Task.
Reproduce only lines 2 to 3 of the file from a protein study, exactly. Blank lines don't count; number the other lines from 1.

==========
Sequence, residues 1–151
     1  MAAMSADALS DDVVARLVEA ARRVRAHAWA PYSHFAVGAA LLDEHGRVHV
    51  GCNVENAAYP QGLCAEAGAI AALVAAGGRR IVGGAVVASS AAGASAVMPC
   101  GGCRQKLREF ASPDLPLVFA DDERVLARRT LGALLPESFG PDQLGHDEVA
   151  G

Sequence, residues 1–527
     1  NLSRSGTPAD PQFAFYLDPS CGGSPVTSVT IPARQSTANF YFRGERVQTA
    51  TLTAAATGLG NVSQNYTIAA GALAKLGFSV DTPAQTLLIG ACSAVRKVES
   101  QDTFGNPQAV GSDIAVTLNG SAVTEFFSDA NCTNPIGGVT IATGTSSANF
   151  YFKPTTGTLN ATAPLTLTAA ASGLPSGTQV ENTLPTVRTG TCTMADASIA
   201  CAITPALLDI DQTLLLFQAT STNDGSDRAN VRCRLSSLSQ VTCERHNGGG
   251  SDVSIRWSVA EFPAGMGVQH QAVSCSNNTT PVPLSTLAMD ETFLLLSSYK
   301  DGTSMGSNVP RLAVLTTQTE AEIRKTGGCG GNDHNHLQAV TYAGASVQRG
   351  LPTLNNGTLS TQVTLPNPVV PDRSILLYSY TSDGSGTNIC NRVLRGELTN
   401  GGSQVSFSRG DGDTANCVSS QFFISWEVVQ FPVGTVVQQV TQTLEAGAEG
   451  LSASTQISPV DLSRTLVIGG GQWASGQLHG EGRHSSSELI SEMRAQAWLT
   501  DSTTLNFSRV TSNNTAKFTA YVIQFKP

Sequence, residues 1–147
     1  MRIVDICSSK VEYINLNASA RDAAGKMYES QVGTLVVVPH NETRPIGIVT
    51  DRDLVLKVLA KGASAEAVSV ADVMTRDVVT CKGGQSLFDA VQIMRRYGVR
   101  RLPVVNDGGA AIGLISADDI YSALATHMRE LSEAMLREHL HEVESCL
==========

     1  MAAMSADALS DDVVARLVEA ARRVRAHAWA PYSHFAVGAA LLDEHGRVHV
    51  GCNVENAAYP QGLCAEAGAI AALVAAGGRR IVGGAVVASS AAGASAVMPC